Today is MLK day, so the office is closed.
"Homework-wise" it was a light weekend. I only had three scripts to read. It is a cold, damp day in Los Angeles, so I did that today while sitting in front of the fireplace.
I SHOULD be feeling relaxed. It's a three-day weekend. I finished my homework. I am sitting by the fire, but "the squirrels in my head are furiously running around." (An expression I stole from my husband.)
So I had my lunch with my friend from Human Resources last week. When I told her that I didn't want to renew my contract, but I was fully committed to finishing my last year in Los Angeles, she asked,"What if you could move back to Hawaii and finish out your contract from there?"
Ok. Let me back up for a second. Yes, I was born and raised in Los Angeles. Yes, I have only lived within a ten square mile radius for my entire life. But about 10 years ago I developed a pesky condition: anxiety. Don't be alarmed. A lot of people have it. Probably more than you think. In fact, I joke that anxiety has become so popular, it's the new depression. I was probably born with it, but they called it something else then. I have been labeled lots of things in my life: intense, neurotic, a worrier, obsessive-compulsive and stressed. I have also been labeled a work horse, an overachiever, type "A", etc.
But after I got divorced, remarried, and had a third child, my stressful job and busy life started to turn against me. I was having trouble catching my breath and swallowing. At work, I was always "Swimming with Sharks" and some of my "Devils DID wear Prada," so life was pretty stressful.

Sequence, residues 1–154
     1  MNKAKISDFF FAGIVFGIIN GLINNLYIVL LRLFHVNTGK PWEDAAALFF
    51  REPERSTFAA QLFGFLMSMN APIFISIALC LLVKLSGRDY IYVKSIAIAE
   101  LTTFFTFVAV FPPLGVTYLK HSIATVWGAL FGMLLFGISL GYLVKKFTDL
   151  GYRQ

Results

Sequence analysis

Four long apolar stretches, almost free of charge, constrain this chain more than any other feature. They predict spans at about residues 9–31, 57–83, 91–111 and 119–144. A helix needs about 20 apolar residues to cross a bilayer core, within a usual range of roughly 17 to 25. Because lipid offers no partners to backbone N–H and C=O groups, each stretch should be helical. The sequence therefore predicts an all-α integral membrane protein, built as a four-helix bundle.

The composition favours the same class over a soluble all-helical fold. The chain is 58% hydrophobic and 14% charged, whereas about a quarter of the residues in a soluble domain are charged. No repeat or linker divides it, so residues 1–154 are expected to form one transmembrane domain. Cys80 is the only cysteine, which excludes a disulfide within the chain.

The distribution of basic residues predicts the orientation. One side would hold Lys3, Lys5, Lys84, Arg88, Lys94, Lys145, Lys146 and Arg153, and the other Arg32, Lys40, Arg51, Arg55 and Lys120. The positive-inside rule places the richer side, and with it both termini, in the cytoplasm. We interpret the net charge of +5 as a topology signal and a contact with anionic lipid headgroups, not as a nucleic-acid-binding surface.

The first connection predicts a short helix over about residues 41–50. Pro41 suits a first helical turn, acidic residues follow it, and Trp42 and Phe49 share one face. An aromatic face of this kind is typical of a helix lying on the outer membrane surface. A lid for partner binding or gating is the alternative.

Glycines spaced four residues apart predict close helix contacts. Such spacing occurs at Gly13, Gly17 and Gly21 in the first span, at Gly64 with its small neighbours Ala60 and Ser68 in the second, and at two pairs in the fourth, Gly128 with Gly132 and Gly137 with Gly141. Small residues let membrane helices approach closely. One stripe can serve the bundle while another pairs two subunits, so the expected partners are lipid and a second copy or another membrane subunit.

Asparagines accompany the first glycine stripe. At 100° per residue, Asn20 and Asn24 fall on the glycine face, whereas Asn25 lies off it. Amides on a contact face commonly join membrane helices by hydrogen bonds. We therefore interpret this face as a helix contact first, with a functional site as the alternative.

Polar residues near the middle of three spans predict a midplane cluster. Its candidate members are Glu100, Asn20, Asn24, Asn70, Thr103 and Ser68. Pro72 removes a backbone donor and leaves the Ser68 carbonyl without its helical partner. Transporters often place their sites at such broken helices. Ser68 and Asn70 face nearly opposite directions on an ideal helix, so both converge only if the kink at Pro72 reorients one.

I raced around from doctor to doctor looking for an explanation for my symptoms. The first doctor I saw asked me how I was and I said, "A little stressed I think." I immediately felt guilty saying that, because here is a guy who actually saves lives in the operating room everyday and then goes home to four children at night. How do I spend my days? Mostly taking meetings from writers who make their living telling stories. My job is to tell these writers whether or not their stories and characters have any commercial viability. Which I think makes me a fortuneteller? What's worse is that I decide if their ideas are good enough to "develop," then I give them notes on their scripts. Ostensibly, telling these writers how to write better. (Nice job for someone who has not actually ever written for a living.) But, I digress. So, the doctor asks me what is stressing me out... and I tell him my job. He tells me that I'm perfectly healthy and if I'm really feeling stressed, I should take a Xanax and not worry about it.
The following week I had a full physical. The truth is that I probably wouldn't have even had a physical if I wasn't so stressed out and afraid of having a heart attack or something severely wrong with my lungs. Anyway, they take my blood, my urine, my blood pressure, my height, my weight, my bone density, a chest x-ray and even a "take home" stool sample kit. By the way, what happened to just leaving with a lollipop?